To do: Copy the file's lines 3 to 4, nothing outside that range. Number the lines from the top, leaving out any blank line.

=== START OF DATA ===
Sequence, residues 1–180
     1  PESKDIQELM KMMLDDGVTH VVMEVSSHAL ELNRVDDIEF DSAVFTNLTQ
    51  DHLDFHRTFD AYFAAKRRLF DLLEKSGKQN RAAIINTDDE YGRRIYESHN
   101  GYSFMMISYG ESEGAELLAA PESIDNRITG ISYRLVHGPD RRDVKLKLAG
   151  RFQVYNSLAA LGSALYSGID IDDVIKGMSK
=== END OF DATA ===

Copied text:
    51  DHLDFHRTFD AYFAAKRRLF DLLEKSGKQN RAAIINTDDE YGRRIYESHN
   101  GYSFMMISYG ESEGAELLAA PESIDNRITG ISYRLVHGPD RRDVKLKLAG